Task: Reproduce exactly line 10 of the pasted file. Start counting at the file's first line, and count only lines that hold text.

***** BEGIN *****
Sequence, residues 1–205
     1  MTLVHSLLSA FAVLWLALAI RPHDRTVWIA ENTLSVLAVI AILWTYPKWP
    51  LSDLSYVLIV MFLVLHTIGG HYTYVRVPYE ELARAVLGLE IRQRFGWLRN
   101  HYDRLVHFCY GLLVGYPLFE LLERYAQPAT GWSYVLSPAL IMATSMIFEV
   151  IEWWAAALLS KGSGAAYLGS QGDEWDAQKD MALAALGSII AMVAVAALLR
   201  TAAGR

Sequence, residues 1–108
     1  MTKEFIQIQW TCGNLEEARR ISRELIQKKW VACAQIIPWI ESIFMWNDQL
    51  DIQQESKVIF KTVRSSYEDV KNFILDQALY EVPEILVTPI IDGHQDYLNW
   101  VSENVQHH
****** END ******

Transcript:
   101  VSENVQHH